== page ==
rhetoric to win power by building broad coalitions at national
      level, strident and threatening religious politics are frequently
      found at local level. Since the BJP's defeat in the 2004 national
      elections, Modi has sought to cultivate a less ideological image.

      For the moment, though, he remains something of a pariah within the
      Indian political system, a status that has been reinforced by the
      fact that he has been banned from travelling to the US. In March
      2005, the US State Department publicly denied him a visa, pointing
      in a statement to a section of the Immigration and Nationality Act
      barring entry to any foreign government official who "was
      responsible for or directly carried out, at any time, particularly
      severe violations of religious freedom".

      In his meeting with the FT, Modi wants to talk business, not
      religious politics. Amid increasingly fierce competition between
      Indian states for investment, he has adopted the most can-do
      attitude of all chief ministers. Across the country, the
      government's policy of promoting Special Economic Zones, Chinese-
      style capitalist enclaves, has run into fierce opposition and many
      chief ministers have gone off the idea. But not Modi: "The whole of
      Gujarat is a SEZ," he says. "S stands for spirituality, E for
      entrepreneurialism, and Z for zeal."

      Would he like the US to lift the travel ban? "It is up to them," he
      says without hint of rancour. Asked why Gujarati Muslims feel
      marginalised and excluded from this growth, he shakes his head as if
      to imply a logical impossibility. "This state has constant double-
      digit growth. Would that be possible if 10 per cent of the
      population were excluded? That's my question to the questioners."

      The glib response saddens Rahul Dholakia, the director of Parzania,
      a new film about the Gujarat pogrom that is essential viewing for
      anyone wanting to understand why the events of 2002 continue to have
      such a far-reaching impact on the politics of religious identity in
      India. Based on the true story of a father and mother's tragic hunt
      for their cricket-loving son, Azhar Mody, who was swept up by the
      sword-wielding mob that ransacked the Gulberg Society, it is, at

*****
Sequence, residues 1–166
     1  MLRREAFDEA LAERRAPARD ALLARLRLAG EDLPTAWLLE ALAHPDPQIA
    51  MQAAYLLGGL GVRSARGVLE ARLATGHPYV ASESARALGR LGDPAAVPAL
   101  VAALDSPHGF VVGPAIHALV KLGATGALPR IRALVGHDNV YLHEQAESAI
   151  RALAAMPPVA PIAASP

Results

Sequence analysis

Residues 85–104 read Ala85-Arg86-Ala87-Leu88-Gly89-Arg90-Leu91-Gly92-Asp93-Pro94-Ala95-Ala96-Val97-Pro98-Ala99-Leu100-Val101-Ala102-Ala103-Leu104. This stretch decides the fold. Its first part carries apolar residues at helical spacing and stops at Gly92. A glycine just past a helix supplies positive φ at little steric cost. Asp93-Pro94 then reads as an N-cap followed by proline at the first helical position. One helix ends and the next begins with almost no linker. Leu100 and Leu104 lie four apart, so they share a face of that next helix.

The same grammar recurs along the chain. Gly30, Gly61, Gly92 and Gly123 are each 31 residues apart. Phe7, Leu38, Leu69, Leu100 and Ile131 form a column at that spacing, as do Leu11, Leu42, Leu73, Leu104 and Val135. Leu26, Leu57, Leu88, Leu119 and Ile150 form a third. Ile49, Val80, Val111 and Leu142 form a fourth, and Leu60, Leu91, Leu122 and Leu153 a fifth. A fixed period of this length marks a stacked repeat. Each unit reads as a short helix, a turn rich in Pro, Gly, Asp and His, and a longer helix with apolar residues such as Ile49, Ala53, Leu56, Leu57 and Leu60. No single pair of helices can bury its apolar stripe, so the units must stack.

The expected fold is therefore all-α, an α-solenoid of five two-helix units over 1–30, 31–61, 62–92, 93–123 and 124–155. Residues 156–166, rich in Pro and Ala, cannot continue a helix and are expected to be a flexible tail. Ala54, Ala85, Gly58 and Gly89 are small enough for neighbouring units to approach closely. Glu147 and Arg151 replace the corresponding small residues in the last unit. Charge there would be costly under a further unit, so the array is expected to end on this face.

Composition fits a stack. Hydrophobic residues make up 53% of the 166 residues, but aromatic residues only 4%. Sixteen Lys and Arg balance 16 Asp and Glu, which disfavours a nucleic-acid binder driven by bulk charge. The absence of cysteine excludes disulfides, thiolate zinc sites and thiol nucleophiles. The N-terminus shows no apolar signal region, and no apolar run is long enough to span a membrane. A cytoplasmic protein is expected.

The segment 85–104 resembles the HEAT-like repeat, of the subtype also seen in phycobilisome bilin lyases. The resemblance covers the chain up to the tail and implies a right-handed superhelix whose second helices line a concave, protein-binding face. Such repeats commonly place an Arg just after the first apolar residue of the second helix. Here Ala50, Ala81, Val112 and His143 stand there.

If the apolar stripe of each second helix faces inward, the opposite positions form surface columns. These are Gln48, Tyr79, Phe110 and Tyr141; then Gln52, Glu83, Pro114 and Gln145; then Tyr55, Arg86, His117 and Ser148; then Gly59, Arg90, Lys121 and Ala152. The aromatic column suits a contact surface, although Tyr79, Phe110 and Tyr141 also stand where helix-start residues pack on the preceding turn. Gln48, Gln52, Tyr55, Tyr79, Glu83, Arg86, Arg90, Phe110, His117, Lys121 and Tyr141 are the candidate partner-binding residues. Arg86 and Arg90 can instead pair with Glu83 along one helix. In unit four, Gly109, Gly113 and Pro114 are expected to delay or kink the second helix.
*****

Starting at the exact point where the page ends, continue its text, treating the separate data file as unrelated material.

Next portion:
times, just too painful to watch.

      The film ends with an appeal: "His parents are still waiting for
      him" - and offers an e-mail address and mobile telephone numbers to
      which information on his whereabouts can be sent. Parzania, which
      has received critical acclaim and met with commercial success, is
      showing in nine Indian cities. But the people who would be best
      placed to help the family are unlikely ever to see it: the Bajrang
      Dal, the Hindu extremist youth group, has seen to it that no cinema
      in Ahmedabad, Gandhi's adoptive town, has yet dared show it.

      Manubhai Patel, the head of Gujarat's multiplex operators'
      association, told Dholakia to seek the permission of a notorious and
      self-professedly violent Bajrang Dal leader by the name of
      Babu "Bajrangi" Patel. Arrested in 2002 following the pogrom, but
      released shortly afterwards, Babu Bajrangi now runs an NGO,
      Navchetan (New Awakening), which forcibly "rescues" Hindu women who
      have been "lured" into relationships with non-Hindu men, and is
      widely loathed in the Muslim community.

      The idea of recognising Bajrangi as a legitimate authority was
      repulsive to Dholakia, a friend of the missing boy's parents, whose
      names were changed for the film. When he refused, the theatre owners
      said they could not show his film. "I can see the anger in the
      Muslim community," Dholakia says. "They will retaliate unless
      they're given a non-violent platform to express their anger at being
      denied justice. They will react in the way they find easiest, which
      is through violence."

      Sixty years ago, on the eve of independence, Nehru, called on his
      countrymen to help him "build the noble mansion of free India where
      all her children may dwell". He declared: "We are citizens of a
      great country on the verge of bold advance, and we have to live up
      to that high standard. All of us, to whatever religion we may
      belong, are equally the children of India with equal rights,
      privileges and obligations. We cannot encourage communalism or
      narrow-mindedness, for no nation can be great whose people are
      narrow in thought or in action."

      His words are as true today as they were then.

      Jo Johnson is the FT's bureau chief in Delhi.